A friend of mine works there as an LVN and she told me that she really works hard for her pay. She's on a Med Surg floor. She says that she's teamed up with an RN but the LVNs do most of the work, whereas most but not all of the RNs she works with will just chart and hang IV meds. She also told me that only 3 units (out of 14 units and 4 ICUs I think she said) use LVNs within the hospital, while the rest have Care Partners (CNAs).

    I have another friend who works in a SNF and she makes $23.00 and hour but gives meds to 45 patients.

    The pay seams high, but as they tell me, they do earn their salary and often times feel it's not enough for all the work they do.

  • 0

    A curious comment. Why do you say so?

  • 0

    I'd like to hear from any Wilcox Memorial Hospital nurses on how things are at your hospital 2 months after the end of the strike.

  • 0

    I just checked the UCLA Medical Center Job listing and the LVN pay scale (the only one I can find that will list pay up front) is as follows:

    LVN 6 East Surgery (Med Surg)
    $14.75 to start
    $19.84 maximum

    Sr LVN 6 East Surgery (Med Surg)
    15.50 to start
    $21.61 maximum

    LVN Orthopedic Surgery Center (a clinic I believe)
    $16.76 to start
    $23.37 maximum

    LVN Float Team Part time Per Diem (no medical benefits)
    $20.91 to start
    $22.66 maximum

    A friend of mine works there as an LVN and she told me that she really works hard for her pay. She's on a Med Surg floor. She says that she's teamed up with an RN but the LVNs do most of the work, whereas most but not all of the RNs she works with will just chart and hang IV meds. She also told me that only 3 units (out of 14 units and 4 ICUs I think she said) use LVNs within the hospital, while the rest have Care Partners (CNAs).

    I have another friend who works in a SNF and she makes $23.00 and hour but gives meds to 45 patients.

    The pay seams high, but as they tell me, they do earn their salary and often times feel it's not enough for all the work they do.

  • 0

    First thing Tim, It's not the fault of the overseas nurses desire to come and earn more or have a better opportunity for themselves or families. That is not even an issue.

    Second, the hospital I work at pay overseas sponsored nurse the same hourly rate and give the same benefits as an "American" nurse; as they should. To pay less or provide less benefits solely because someone is hired from outside the US is illegal and immoral. If any hospital does that, they will get caught and pay the price.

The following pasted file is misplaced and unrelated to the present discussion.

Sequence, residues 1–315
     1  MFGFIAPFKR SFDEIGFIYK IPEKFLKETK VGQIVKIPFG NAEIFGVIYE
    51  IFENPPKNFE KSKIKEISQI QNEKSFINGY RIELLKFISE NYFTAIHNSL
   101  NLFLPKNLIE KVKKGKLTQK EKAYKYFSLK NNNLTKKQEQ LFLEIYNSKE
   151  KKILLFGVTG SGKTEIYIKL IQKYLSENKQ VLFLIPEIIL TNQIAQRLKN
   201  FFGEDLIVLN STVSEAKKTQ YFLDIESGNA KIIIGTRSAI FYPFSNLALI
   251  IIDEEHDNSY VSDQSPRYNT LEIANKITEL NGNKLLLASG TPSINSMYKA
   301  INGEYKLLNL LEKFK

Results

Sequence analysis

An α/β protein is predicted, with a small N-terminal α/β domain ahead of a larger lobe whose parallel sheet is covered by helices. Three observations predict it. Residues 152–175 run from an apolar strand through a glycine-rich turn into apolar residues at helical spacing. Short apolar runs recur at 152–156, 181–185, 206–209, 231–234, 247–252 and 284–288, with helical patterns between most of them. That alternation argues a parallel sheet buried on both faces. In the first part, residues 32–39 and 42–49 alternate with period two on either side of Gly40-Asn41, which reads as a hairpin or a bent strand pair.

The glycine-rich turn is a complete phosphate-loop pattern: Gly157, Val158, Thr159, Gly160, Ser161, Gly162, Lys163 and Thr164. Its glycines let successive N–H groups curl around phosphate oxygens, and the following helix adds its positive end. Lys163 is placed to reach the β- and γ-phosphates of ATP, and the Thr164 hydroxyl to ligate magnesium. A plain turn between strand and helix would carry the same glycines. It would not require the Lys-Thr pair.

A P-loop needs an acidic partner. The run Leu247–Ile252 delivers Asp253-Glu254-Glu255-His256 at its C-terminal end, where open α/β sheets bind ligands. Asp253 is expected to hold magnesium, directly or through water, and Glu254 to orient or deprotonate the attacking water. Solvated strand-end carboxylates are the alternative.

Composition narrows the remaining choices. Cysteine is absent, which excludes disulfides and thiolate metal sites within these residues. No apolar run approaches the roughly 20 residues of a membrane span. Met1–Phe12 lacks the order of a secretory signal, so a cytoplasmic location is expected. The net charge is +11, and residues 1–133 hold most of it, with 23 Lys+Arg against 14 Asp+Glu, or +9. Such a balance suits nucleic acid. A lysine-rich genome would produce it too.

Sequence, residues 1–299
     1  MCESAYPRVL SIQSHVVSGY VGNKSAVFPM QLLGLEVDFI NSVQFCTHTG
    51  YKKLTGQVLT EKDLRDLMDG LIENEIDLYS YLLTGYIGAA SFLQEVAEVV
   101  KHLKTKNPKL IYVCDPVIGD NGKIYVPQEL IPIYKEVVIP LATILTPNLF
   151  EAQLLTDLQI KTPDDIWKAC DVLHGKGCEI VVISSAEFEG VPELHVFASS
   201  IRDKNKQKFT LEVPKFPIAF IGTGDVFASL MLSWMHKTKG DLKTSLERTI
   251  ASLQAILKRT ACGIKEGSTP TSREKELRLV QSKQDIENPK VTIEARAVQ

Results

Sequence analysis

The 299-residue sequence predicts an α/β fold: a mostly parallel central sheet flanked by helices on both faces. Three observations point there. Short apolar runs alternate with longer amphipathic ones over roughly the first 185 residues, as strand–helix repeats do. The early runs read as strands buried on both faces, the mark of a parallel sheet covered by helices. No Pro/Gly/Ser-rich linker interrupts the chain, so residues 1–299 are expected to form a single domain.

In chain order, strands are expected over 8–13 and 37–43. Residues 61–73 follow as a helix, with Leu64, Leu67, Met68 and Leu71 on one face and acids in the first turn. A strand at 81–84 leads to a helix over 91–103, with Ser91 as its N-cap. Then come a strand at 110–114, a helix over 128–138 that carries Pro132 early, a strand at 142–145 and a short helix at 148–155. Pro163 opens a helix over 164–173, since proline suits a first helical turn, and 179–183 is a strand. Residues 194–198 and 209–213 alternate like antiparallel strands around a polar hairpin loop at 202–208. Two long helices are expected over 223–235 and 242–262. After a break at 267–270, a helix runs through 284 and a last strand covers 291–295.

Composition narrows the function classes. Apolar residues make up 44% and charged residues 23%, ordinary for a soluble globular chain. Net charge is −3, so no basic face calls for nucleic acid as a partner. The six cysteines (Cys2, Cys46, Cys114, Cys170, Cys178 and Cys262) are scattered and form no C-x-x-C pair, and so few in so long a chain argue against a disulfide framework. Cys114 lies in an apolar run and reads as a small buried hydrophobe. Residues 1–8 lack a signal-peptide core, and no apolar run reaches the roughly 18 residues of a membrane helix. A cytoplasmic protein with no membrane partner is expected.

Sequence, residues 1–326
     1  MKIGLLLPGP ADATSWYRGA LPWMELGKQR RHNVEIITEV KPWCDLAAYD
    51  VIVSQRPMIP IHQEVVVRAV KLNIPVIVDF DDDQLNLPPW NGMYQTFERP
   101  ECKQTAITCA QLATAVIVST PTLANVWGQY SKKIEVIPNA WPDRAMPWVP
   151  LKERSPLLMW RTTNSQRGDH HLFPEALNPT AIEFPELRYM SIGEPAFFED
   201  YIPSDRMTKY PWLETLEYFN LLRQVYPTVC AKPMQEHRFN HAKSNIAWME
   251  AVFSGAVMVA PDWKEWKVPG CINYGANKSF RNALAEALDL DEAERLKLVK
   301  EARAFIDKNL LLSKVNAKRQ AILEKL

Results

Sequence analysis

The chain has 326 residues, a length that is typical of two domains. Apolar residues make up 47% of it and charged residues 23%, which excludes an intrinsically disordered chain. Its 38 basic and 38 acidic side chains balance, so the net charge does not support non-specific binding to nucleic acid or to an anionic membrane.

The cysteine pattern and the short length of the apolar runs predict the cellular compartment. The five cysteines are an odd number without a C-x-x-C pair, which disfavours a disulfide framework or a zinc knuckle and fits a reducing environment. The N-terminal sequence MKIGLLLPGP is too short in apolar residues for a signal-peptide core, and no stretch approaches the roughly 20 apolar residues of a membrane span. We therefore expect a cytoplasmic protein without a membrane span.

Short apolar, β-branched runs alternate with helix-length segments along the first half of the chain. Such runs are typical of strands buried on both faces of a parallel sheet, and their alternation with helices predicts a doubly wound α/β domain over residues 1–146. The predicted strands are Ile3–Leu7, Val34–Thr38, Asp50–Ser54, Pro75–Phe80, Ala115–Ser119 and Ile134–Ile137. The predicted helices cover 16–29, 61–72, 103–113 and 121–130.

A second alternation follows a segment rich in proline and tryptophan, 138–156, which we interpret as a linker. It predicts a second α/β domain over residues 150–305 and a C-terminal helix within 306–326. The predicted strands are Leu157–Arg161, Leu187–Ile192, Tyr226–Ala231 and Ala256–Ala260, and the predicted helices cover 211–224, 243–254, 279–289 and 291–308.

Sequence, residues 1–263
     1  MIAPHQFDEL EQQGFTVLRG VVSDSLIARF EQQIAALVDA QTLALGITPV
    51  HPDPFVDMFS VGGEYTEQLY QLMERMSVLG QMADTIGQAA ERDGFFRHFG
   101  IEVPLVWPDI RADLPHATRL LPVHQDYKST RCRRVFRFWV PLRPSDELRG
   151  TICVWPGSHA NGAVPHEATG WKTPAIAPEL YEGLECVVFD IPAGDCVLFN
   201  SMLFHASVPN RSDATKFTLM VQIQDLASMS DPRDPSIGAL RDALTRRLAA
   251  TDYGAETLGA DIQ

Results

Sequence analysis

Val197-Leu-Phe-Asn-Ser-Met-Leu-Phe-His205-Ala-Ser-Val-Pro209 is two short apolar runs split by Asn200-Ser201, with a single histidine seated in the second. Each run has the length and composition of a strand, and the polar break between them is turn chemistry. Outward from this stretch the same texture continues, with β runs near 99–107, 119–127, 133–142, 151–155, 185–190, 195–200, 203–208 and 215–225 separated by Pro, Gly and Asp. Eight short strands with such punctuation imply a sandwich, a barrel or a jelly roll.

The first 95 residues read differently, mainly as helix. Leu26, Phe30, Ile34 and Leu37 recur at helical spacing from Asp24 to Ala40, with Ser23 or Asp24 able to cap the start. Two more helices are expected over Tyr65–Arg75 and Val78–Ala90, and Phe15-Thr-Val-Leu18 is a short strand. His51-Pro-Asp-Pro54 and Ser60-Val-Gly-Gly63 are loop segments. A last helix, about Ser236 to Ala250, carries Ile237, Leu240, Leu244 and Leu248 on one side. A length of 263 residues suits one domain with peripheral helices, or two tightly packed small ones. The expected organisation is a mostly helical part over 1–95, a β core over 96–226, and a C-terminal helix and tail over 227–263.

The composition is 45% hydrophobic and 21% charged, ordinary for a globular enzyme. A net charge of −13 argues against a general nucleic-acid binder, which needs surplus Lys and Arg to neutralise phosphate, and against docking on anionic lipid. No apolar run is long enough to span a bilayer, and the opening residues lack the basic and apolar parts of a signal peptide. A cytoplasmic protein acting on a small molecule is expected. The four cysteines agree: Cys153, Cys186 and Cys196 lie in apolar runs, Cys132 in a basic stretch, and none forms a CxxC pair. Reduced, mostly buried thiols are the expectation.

My point is your difficulty in becoming a nurse is because they way the system is set up. It's not your fault, It's deefinitely not any of the overseas nurses fault.

  • 0

    Sorry, but I had to log off earlier. To add to my previous post ...

    Not many would accept the hard work being a nurse except those who either suffered the 6+ years to become and RN here in the states or those who are willing to leave home, and work extra hard to help support their families.

    The past ten years in California, many Univeristies had dropped their BSN programs. The state BON stop accepting Excelsior College graduates in 2004 (where as 50% of all nursing graduates in California came from Excelsior College alone, the other 50% came from all the ADN and BSN programs within the state combined).

    Interestingly, when California implemented the Ratio Law, I have yet to hear of a hospital closing down in California because the added expense of hiring more nurses to remain within the law destroying the profit margin.

    So it all comes down to $$$$. Earn the highest amount of profit, with the least amount of people. All industies follow this including hospitals.

    Yes, it is frustrating, especially to those who have it in their heart to become a nurse.

  • 0

    Sit down boys and girls cause I'm going to enlighten you on something. I have come to the realization that the nursing shortage in the US is a manufactured shortage. There's several reasons why I have derived this conclusion. This is all based on my observations, people I have discussions with (including members of the California BON), and two retired hospital administrators. I'm sure the same applies all around the country.